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Verification and Validation for AI Systems


Overview

Artificial intelligence has successfully been used to solve complex problems where traditional methods have failed. However, there is a trade-off between predictive power and explainability of the methods used. While deep neural networks (DNNs) models usually cannot be explained or interpreted by their users, they can provide better results than classical machine learning and traditional methods for many tasks, which is leading to a desire to put such complex models in production in safety critical situations through the application of Validation and Verification (V&V) methods.

By integrating the AI components into models, you can perform system-level simulations to ensure requirements are satisfied, and therefore deployable to the desired target platform(s).

The presentation will also outline how Veoneer (Autoliv) successfully labeled Lidar data for verification of a Radar-based automated driving system. The output of the labeling process was used to train deep neural networks to provide a fully automated way to produce vehicle objects of interest which can be used to find false-negative events. This provided substantial benefit to their validation process to verify their Radar sensors. 

Highlights

A list of issues related to V&V for AI discussed include:

  • Explainability: Can you explain the working of the AI system in human-understandable terms?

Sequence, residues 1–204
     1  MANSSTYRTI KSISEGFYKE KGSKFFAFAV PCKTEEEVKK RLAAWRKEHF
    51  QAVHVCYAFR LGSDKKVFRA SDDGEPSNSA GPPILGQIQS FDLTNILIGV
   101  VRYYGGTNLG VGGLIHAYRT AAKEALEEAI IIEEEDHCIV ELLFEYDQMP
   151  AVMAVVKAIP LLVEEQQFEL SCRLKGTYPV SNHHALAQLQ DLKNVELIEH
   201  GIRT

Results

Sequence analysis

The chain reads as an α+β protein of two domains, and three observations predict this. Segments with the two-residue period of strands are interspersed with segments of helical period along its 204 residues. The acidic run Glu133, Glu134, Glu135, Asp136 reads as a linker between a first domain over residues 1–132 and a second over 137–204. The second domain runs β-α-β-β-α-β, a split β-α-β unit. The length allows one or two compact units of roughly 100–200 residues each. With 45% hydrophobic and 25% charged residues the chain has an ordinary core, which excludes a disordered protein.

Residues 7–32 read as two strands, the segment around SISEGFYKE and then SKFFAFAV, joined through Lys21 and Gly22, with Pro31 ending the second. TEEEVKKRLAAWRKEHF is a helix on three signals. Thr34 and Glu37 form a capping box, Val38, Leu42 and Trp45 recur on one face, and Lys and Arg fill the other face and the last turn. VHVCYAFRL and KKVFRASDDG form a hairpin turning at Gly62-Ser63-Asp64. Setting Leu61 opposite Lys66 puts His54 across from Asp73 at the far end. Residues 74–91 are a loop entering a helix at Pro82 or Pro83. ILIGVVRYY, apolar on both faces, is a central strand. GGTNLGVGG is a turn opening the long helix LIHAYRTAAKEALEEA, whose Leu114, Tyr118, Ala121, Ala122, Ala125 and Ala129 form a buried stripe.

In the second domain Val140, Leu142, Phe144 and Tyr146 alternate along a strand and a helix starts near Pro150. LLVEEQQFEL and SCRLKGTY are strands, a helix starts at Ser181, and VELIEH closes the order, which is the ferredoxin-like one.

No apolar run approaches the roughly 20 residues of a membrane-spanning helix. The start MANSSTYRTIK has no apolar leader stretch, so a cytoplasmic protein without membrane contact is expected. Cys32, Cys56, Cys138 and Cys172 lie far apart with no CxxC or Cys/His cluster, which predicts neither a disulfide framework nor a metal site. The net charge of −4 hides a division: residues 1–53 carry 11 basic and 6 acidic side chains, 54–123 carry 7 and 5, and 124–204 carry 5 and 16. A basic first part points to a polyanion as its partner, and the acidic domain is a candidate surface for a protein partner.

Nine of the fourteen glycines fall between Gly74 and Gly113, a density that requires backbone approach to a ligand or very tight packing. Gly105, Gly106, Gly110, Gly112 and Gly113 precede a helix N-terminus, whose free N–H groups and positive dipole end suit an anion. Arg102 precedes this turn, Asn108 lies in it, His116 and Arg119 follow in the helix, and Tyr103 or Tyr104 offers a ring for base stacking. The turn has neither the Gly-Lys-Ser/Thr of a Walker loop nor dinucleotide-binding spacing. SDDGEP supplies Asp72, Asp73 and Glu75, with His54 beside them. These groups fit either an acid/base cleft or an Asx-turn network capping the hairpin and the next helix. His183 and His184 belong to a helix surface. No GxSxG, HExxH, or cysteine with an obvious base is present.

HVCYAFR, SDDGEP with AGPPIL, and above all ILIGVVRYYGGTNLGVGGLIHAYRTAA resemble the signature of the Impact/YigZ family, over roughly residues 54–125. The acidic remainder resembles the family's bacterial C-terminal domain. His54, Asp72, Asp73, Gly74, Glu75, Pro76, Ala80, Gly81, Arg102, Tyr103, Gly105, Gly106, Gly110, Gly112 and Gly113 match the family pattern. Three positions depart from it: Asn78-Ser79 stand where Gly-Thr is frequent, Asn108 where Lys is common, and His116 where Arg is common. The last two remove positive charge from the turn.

• Interpretability:  Can you observe and trace cause and effect in an AI system and explain the rationale of the decision making? 
  • Robustness: Is the AI system immune from spoofing and other common attacks to process reliable inputs? Adversarial inputs can help determine how robust an AI algorithm is.  
  • Safety Certification: Has the AI system been developed with safety lifecycle as key component? 

About the Presenter

Emmanuel is an application engineer at MathWorks who first joined the company as a training engineer. He taught several MATLAB, Simulink and Simscape courses as well as specialized topics such as machine learning, statistics, optimization, image processing and parallel computing. Prior to joining MathWorks, he was a Lecturer in Mechatronic Engineering at the University of Wollongong. He holds a PhD in Mechanical Engineering from Virginia Tech. He also worked as a Systems / Controls Engineer at Cummins Engine Company and as a research assistant in several research institutions in California and Virginia

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